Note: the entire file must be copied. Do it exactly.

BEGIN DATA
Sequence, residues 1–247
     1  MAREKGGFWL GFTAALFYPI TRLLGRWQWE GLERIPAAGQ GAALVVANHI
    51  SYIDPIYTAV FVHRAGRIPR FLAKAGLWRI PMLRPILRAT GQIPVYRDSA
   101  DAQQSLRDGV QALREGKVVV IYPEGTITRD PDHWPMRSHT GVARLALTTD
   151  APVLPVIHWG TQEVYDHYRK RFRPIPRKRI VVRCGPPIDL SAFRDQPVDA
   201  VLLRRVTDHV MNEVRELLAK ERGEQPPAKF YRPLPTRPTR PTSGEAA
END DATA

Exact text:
Sequence, residues 1–247
     1  MAREKGGFWL GFTAALFYPI TRLLGRWQWE GLERIPAAGQ GAALVVANHI
    51  SYIDPIYTAV FVHRAGRIPR FLAKAGLWRI PMLRPILRAT GQIPVYRDSA
   101  DAQQSLRDGV QALREGKVVV IYPEGTITRD PDHWPMRSHT GVARLALTTD
   151  APVLPVIHWG TQEVYDHYRK RFRPIPRKRI VVRCGPPIDL SAFRDQPVDA
   201  VLLRRVTDHV MNEVRELLAK ERGEQPPAKF YRPLPTRPTR PTSGEAA